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Financial wellness improves with repeat usage of programs

Insights Financial Wellness

Financial wellness improved for the average American employee in 2016, aided by an increase in the percentage of repeat usage of workplace financial wellness programs, according to Financial Finesse’s 2016 Year in Review report.

According to the report, retirement readiness has improved driven by the simple act of running a retirement projection. By running a retirement projection, about four in 10 employees discovered they are underfunded and need to make changes with how much they save, how they invest, and how they prepare for retirement. Six in 10 discovered they are on track for retirement, increasing confidence in their ability to achieve retirement goals. This is good news for employers that face significant costs due to employees delaying retirement.

Improvement in Financial Wellness
Repeat usage of workplace financial wellness programs is gaining momentum, and financial wellness improved for repeat users in all major demographic groups. Employees who took a financial wellness assessment in 2015 then repeated it in 2016 reported higher levels of financial wellness in cash flow and debt management, retirement preparedness, and investment confidence.

Best Practices to Drive Repeat Usage
Employers reported using a variety of techniques to drive employee engagement in their workplace financial wellness program, including:
  • Marketing their financial wellness program as an employer-paid employee benefit;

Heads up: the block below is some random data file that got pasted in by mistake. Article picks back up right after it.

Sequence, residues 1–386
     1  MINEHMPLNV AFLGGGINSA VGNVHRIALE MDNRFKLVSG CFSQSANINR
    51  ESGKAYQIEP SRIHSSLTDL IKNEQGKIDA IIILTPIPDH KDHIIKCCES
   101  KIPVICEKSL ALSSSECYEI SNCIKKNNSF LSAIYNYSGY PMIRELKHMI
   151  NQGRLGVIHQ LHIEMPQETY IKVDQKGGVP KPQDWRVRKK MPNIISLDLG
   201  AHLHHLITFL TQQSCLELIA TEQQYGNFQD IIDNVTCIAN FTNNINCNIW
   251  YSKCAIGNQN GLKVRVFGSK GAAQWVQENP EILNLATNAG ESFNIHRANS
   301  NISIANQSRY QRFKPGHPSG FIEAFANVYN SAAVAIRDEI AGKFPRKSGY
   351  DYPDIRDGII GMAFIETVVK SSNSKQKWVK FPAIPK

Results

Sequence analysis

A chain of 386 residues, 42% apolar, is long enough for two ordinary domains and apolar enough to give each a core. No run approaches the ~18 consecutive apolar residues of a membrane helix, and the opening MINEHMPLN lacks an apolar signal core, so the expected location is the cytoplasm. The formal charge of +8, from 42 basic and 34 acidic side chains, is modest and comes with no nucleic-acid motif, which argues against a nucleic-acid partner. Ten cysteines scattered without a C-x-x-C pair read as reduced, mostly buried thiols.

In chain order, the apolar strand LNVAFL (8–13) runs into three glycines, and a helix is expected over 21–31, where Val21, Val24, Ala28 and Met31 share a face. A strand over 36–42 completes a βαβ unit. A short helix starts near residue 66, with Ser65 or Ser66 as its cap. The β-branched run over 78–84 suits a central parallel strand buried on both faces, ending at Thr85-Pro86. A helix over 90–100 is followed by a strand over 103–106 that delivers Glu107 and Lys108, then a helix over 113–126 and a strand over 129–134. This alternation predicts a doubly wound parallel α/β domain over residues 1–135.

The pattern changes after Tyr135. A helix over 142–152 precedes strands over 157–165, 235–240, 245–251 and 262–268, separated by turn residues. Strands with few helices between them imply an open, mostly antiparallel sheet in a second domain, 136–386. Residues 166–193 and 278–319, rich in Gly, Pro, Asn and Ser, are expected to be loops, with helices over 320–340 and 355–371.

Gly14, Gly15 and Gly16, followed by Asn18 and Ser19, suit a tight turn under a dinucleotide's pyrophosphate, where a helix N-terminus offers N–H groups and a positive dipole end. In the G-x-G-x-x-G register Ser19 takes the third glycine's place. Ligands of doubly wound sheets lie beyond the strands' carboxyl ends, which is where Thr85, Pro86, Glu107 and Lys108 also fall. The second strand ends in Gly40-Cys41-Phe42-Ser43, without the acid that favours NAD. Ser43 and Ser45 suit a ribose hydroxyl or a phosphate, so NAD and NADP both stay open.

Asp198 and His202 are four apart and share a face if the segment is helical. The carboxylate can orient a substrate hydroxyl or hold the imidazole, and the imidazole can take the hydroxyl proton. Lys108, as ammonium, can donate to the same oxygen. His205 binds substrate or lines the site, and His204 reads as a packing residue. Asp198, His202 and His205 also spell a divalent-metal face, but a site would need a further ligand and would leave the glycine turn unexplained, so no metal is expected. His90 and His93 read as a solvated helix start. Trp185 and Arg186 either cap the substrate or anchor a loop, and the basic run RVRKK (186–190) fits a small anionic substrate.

• Positioning financial wellness as a key component of an overall wellness program;
  • Offering wellness incentives to participate;
  • Offering unlimited one-on-one financial consultations via phone, in-person, or both; and
  • Marketing the financial wellness program as part of other benefits communications, such as displaying information prominently on the internal employee benefits site and reminding employees during open enrollment or benefits changes that coaching is available.
Improvement in Retirement Preparedness
Twenty-seven percent of employees who took a financial wellness assessment in 2016 reported being on track for retirement, up from 19 percent in 2015. Despite this improvement, employees across the board aren’t saving enough to meet retirement needs. Ninety-two percent reported participating in their employer-sponsored retirement plan, but only 77 percent are contributing enough to earn the full employer match. The problem of retirement under-preparedness continues to be systemic, with insufficient percentages of virtually all demographic groups saying they are on track for a comfortable retirement.

Improving the overall financial wellness level of an organization is a process that requires coaching and motivating employees to change entrenched financial behaviors. Financial Finesse’s 2016 Year In Review report can be found at https://ffinesse.box.com/v/2016-Year-in-Review-Report.

Source: PlanSponsor.com